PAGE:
People go to other countries to escape the – often combined – horrors of war, oppression, persecution and poverty. Wealthy and peaceful states that protect human rights within their borders, usually accept a number of the people looking for a more peaceful and just society. However, people looking merely for a more prosperous society and for opportunities to have a better life, are often not allowed to immigrate. Personally, I think this is wrong and unjust, because poverty is a human rights violation that is not essentially different from for example persecution on religious grounds. The reason governments give for refusing this kind of immigration are varied but mainly focus on the dangers of “importing poverty“.
One piece of evidence to substantiate this fear is the level of unemployment in migrant communities:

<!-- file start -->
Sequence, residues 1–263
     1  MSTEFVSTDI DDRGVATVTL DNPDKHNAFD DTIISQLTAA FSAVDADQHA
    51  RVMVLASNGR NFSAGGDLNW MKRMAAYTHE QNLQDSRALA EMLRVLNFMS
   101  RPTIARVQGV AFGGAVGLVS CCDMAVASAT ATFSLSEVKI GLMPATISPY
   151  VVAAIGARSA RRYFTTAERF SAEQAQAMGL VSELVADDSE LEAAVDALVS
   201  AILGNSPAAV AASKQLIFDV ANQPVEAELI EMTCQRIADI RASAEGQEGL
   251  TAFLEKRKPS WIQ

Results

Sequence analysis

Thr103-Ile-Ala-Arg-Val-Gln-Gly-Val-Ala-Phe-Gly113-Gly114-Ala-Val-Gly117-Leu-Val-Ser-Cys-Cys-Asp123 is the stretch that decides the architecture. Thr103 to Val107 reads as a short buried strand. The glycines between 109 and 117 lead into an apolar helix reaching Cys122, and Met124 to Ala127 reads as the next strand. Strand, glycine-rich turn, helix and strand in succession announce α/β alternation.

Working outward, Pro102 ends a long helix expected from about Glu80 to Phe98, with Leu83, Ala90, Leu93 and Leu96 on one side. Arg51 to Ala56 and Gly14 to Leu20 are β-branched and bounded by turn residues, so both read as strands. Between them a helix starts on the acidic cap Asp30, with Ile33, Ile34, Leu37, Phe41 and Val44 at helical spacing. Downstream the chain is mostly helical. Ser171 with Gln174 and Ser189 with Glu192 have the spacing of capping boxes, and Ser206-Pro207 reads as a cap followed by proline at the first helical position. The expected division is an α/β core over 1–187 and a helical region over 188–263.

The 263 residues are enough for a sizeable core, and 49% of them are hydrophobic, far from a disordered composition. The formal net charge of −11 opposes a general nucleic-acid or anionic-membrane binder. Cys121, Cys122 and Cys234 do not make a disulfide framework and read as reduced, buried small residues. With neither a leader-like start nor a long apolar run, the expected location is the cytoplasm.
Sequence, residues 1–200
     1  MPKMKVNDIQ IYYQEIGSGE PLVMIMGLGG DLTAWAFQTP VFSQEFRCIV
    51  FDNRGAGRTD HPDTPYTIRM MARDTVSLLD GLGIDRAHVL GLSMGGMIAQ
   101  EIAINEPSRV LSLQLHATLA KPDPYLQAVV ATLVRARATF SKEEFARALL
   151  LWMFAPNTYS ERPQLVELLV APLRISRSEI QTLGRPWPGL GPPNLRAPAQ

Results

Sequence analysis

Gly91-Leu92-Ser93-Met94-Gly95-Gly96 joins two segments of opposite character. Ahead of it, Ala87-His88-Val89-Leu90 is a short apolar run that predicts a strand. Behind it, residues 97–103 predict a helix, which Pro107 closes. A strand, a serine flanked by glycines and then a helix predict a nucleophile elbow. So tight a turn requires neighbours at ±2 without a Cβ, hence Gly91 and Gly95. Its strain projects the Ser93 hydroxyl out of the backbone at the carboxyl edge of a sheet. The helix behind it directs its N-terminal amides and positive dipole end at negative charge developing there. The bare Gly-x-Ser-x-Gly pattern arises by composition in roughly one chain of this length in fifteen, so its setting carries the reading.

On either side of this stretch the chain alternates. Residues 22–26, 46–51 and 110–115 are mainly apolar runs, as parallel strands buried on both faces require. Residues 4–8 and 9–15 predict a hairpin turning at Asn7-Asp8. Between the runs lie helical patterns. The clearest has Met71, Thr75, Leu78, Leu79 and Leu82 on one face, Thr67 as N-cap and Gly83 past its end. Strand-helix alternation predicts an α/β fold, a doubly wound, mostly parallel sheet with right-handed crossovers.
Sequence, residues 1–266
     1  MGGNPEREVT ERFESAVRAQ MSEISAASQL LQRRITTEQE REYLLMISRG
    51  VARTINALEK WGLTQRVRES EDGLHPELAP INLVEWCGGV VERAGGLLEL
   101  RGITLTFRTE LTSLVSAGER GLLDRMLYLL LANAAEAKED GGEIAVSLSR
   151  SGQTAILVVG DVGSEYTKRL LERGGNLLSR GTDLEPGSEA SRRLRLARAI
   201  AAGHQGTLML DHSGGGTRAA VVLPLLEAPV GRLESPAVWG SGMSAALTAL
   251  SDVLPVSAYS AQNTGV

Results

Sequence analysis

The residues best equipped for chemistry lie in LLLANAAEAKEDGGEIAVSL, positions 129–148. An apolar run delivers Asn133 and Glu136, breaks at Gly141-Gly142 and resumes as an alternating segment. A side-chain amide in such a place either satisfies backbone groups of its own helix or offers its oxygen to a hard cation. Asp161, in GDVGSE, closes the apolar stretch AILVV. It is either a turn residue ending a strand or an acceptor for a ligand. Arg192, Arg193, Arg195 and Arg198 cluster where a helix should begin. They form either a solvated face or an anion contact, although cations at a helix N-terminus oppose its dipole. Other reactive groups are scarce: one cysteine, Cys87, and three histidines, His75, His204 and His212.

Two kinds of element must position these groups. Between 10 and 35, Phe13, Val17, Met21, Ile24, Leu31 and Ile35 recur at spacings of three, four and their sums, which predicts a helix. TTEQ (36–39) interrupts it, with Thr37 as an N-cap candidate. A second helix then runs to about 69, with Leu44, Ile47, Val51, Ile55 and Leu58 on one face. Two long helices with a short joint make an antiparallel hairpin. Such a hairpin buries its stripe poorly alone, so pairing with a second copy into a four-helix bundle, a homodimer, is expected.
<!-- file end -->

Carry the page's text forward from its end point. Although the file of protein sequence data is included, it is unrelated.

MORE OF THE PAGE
(source; solid line: unemployment among immigrants equal to unemployment among natives)
These data are not surprising because immigrants usually lack certain essential skills necessary to find their place in the labor market: language, networking, adequate education etc. Moreover, they often come to places that already have strained labor markets.
The following graph shows the hopeful fact that, in Australia at least, unemployment levels of immigrants drastically decrease after a number of years in the country, suggesting that once they have acquired some new skills and have learned the language, they integrate into the host society and economy. Instead of being a burden they can even contribute. (I didn’t find any similar data for other countries).
Some numbers on immigration can be found here.